What did they leave out? It really has nothing to with the original feature than being about, well, parenthood.
The plot in a nutshell: The Bravermans are like any other multi-generational family - they fight, they tease and of course, they love. Sarah (Maura Tierney), the only member to leave the confines of the Berkeley area, is returning home from Fresno in the midst of financial woes to live with her parents - Zeek (Craig T. Nelson) and Camille (Bonnie Bedelia) - with her teen children (Miles Heizer, Mae Whitman) in tow.
There she's reunited with her siblings - golden boy
Adam (Peter Krause), workaholic Julia (Erika Christensen) and slacker Crosby (Dax Shepard), who in turn have their own foibles: lawyer Julia is riddled with guilt after realizing her daughter (Savannah Argenti) is bonding more with stay-at-home dad Joel (Sam Jaeger); music producer Crosby is under pressure from his girlfriend/boss Katie (Marguerite Moreau) to commit/have kids; and Adam and his frazzled wife Kristina (Monica Potter) are confronted with a potential life-changing diagnosis for their quirky son Max (Max Burkholder).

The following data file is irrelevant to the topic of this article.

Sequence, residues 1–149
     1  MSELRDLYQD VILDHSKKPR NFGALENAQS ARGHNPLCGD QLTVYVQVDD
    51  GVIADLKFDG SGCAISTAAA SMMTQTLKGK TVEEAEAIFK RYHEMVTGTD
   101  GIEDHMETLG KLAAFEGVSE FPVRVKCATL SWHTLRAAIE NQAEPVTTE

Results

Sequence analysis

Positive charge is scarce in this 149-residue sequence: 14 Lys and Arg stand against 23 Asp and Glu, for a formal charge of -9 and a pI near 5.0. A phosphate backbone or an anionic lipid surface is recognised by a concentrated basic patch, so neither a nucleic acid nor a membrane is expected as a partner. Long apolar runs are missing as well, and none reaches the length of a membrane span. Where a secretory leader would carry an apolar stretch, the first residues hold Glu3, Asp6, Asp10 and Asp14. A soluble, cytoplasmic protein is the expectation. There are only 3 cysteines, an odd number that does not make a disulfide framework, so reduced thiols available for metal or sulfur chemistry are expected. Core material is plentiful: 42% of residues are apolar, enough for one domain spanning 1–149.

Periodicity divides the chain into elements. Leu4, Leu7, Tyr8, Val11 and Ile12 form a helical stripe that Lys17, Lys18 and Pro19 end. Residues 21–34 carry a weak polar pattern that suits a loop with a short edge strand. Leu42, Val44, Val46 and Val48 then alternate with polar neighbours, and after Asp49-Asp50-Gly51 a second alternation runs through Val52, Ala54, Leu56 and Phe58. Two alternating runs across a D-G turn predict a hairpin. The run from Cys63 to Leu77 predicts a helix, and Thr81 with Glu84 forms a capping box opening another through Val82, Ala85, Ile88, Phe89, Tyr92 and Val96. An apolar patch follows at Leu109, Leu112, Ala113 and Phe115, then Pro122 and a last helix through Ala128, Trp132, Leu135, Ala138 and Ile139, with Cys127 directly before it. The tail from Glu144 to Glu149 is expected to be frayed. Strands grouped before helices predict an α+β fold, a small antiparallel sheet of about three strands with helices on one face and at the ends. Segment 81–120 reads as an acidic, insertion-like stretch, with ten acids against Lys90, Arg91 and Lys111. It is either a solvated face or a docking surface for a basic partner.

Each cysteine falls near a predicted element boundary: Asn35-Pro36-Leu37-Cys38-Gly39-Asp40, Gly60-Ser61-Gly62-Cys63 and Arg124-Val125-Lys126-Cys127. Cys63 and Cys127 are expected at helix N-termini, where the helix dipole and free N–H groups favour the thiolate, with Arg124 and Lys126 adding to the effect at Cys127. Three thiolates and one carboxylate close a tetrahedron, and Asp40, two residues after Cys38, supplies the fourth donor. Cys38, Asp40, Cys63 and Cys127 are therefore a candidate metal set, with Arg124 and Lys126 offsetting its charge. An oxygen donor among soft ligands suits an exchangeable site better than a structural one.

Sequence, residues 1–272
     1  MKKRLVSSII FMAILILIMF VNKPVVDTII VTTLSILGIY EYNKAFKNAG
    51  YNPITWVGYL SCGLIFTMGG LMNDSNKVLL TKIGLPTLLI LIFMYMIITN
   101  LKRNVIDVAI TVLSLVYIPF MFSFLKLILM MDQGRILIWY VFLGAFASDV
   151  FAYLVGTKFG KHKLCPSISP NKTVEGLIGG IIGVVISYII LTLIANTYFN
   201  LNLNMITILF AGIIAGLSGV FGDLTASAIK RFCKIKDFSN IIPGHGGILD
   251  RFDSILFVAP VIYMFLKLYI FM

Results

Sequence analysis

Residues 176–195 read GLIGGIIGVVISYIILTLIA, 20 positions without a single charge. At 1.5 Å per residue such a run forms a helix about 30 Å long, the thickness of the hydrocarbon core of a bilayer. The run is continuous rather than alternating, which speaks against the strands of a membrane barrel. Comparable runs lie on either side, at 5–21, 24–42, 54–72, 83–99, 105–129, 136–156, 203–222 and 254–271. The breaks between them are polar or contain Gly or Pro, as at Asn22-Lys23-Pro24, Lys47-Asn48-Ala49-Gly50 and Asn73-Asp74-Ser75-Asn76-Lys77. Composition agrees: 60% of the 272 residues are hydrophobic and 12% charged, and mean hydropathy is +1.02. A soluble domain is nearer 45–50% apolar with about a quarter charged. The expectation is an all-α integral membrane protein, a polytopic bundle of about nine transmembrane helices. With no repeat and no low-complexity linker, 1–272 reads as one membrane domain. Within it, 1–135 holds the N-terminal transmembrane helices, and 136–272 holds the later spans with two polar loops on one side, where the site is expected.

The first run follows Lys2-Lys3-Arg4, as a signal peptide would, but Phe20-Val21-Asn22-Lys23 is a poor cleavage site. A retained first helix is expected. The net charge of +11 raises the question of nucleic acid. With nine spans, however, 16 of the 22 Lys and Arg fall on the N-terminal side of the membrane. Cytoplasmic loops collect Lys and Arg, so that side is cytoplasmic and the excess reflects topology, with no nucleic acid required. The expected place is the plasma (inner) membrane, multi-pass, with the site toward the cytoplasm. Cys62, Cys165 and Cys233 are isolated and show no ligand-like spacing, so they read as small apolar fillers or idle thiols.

Being family (or on television) then it's no surprise that everybody stumbles their way into each other's problems: Zeek thinks Max just needs some tough love despite Adam's efforts to shield him and daughter Hattie (Sarah Ramos) from the kind of parenting he was raised under; Julia wants to set Sarah up with Jim (Mike O'Malley), her "one that got away" that's now a Starbucks barista/aspiring poet; and Crosby seeks Adam's approval to keep his dancer ex on the back burner while he sorts out the Katie issue. Much to their surprise however things turn out to be much different than expected, whether it be schlubby Jim's beguiling charm or overbearing Zeek's unexpected tenderness. The same applies to the youngest generation as Hattie is tasked with showing wild child Amber (Whitman) around, when it's actually her with the real issues. All in all, while parenthood may not be what each of the Braverman clan expected, it's their family that will get them through it.